While many accountants have traded formal suits for business-casual clothing and hard-set hours for work/life balance, the need for professional workplace language remains constant.
"Words have power," said David Shurtleff, a Seattle communications executive who also teaches management communication remotely at the Wharton School of the University of Pennsylvania. "The words you use will change minds for the better or for the worse."
Regardless of how experienced you are, using the wrong diction can hurt your credibility. Here are some words and phrases you should use only sparingly at work, and some ideas for what to say instead:
- Filler words. "Like" and "um" are among the utterances it is most important to avoid because they add nothing to sentences. Such filler words "come up a lot in today's speech with many younger workers," said Lois Krause, a practice leader in HR compliance at HR consulting firm KardasLarson, based in in Glastonbury, Conn.
- "I" (when used too often). "I" can be tricky. On one hand, using it too much can make you seem self-centered, Krause pointed out. Yet there will likely be times that you may need to spotlight your achievements or differentiate what you've done from what your co-workers did, said Ilene Marcus, a Manhattan-based workplace consultant and founder of Aligned Workplace.
- "I think" or "I believe." These combos may seem like a protective buffer — who can argue with what someone thinks or believes? — but they "give off a subtle hint of insecurity," Shurtleff said.
- "I can't." As soon as you say that you "can't" do something, you risk looking like you don't want to help or that you're not up for the challenge, Krause pointed out.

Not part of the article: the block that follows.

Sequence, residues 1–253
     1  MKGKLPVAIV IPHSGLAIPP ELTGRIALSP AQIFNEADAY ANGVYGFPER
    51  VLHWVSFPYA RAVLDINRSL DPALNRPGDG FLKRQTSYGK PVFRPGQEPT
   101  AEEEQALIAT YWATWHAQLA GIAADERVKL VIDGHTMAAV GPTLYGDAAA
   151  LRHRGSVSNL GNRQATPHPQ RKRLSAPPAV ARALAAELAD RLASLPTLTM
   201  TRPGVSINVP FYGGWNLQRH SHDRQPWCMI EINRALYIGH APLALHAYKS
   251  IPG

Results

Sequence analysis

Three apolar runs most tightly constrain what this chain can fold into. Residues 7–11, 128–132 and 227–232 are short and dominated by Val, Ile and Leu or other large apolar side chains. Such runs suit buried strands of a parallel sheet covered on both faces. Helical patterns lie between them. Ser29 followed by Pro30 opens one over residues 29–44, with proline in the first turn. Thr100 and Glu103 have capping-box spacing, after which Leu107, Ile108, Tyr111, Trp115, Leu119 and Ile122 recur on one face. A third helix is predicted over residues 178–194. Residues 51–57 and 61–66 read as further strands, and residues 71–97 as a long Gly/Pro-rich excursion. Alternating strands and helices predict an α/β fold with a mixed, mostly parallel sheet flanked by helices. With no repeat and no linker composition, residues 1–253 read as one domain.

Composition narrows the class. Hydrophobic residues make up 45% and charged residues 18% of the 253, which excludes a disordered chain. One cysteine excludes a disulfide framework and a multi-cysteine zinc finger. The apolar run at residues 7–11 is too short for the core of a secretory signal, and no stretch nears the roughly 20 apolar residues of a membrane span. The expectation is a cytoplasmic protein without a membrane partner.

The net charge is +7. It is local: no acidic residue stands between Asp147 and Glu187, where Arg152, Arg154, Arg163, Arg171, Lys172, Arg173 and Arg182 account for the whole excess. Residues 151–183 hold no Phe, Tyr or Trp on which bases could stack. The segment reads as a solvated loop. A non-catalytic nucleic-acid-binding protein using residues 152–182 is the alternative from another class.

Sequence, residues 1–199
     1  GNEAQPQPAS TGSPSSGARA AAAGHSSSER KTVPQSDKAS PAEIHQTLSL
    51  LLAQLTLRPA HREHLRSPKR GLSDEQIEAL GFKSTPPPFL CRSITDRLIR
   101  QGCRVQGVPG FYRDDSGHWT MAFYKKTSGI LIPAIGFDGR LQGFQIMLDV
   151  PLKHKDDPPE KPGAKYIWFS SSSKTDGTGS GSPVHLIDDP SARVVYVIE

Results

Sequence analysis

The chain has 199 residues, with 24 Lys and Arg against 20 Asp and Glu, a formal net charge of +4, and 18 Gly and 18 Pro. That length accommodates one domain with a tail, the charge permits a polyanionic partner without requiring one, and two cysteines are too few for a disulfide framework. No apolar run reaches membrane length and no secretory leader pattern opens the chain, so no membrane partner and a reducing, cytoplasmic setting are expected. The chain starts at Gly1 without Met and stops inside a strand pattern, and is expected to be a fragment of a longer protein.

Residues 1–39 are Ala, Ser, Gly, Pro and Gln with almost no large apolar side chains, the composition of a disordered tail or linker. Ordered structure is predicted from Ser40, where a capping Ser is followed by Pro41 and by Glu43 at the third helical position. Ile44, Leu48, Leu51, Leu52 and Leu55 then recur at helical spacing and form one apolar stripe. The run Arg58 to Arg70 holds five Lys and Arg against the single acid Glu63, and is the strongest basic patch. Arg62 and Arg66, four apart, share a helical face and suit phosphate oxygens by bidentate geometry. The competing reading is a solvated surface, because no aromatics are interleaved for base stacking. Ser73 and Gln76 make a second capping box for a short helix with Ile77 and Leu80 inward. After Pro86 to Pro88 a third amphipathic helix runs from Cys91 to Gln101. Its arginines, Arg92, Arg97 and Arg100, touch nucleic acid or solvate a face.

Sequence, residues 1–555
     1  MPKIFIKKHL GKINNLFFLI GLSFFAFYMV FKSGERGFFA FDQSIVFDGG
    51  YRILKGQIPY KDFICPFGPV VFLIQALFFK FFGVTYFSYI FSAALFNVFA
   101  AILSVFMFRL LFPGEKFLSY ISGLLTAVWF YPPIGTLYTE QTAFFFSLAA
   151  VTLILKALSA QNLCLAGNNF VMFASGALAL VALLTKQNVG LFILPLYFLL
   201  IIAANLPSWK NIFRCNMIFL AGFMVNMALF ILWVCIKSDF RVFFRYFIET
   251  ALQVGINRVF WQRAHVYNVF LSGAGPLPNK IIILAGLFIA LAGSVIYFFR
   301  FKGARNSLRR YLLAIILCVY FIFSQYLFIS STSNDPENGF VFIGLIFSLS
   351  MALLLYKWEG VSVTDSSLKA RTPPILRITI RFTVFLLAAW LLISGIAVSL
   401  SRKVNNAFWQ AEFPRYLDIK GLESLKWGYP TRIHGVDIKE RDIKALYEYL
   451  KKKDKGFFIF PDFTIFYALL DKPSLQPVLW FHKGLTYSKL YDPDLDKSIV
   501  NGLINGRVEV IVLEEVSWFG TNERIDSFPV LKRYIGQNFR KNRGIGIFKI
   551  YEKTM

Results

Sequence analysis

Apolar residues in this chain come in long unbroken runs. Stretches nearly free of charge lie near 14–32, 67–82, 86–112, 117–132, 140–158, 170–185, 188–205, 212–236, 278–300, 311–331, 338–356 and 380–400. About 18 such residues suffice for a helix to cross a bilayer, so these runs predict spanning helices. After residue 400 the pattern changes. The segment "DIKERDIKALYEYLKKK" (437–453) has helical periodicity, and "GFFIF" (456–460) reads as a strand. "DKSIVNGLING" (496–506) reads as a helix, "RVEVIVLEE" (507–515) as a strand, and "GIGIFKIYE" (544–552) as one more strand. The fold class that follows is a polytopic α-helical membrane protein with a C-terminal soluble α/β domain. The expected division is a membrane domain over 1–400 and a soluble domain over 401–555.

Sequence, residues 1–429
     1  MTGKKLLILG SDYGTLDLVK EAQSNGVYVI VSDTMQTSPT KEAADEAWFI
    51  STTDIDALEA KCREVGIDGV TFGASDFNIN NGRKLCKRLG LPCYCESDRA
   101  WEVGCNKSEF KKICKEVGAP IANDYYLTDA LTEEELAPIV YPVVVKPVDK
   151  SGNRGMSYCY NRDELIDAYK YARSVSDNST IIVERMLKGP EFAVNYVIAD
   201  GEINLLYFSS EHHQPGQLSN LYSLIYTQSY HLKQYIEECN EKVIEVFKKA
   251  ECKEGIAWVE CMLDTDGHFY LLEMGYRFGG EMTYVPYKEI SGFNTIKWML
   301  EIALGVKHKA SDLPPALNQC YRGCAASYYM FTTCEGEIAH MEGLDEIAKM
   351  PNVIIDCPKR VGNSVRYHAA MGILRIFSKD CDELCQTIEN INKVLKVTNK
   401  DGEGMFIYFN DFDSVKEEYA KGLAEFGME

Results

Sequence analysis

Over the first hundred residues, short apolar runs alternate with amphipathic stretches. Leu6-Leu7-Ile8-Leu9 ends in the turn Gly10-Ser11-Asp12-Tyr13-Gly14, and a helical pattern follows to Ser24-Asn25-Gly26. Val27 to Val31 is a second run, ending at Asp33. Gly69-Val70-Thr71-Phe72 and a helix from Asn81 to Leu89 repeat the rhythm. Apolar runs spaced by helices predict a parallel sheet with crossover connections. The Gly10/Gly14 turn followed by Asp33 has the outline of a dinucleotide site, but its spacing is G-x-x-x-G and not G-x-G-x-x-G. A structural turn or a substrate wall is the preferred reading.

- "I don't have time." Some view these words as a morale killer. Using them too often "can adversely impact the relationship between co-workers, said David G. Barbeito, CPA, managing partner at De La Hoz, Perez & Barbeito in Coral Gables, Fla.
- "You always" or "you never." Absolute statements like these can be perceived as negative. They "put people on the defensive and can make the communication adversarial," Krause said.
- "You know what I mean?" Avoid this phrase. It can sound like filler, and "the person you're speaking with might not, in fact, know what you mean," Marcus said.
When you talk, mentally note how many filler words you use. If you use a lot, it is best to craft your response in your head before you speak so you can "self-edit as needed instead of using filler words," Krause said.
Work to balance showcasing your accomplishments with being seen as a team player. To avoid looking like you're taking credit for joint efforts, say "we" or "the team" instead, which sounds more inclusive, Krause suggested.
Cutting these phrases can intensify your point, he said. "Speaking and writing with conviction will instantly boost your credibility," he noted.
When you don't want to be too definitive, say something like "Here's an idea" or "Have we thought of this?" suggested Marcus, who is also the author of Managing Annoying People.
Instead, use phrases such as "'I am quite busy but will try to help where I can' or 'I have never done that before, but would like to give it a try if you can offer some help or direction,'" Krause said.
If someone asks you for something when you're pressed for time, say something like, "Can this wait until the afternoon or tomorrow?" or "I have X, Y, and Z on my plate. Can I finish those and then get started?" he said.
Instead, she added, try saying "It seems to me that ...," "I haven't found situations where ...," or "There have been several times when ...."
If you do want to be sure someone understands, Marcus recommended prefacing your words with "'Just to be clear, this is what I mean . . . '"
Being mindful of these words and phrases is a great place to start as you pay more attention to the language you use in the workplace. Improving your diction will help others take your words seriously as you make a professional point.
Dawn Wotapka is a freelance writer based in Atlanta. To comment on this article or to suggest an idea for another article, contact Courtney Vien, a JofA senior editor, at Courtney.Vien@aicpa-cima.com.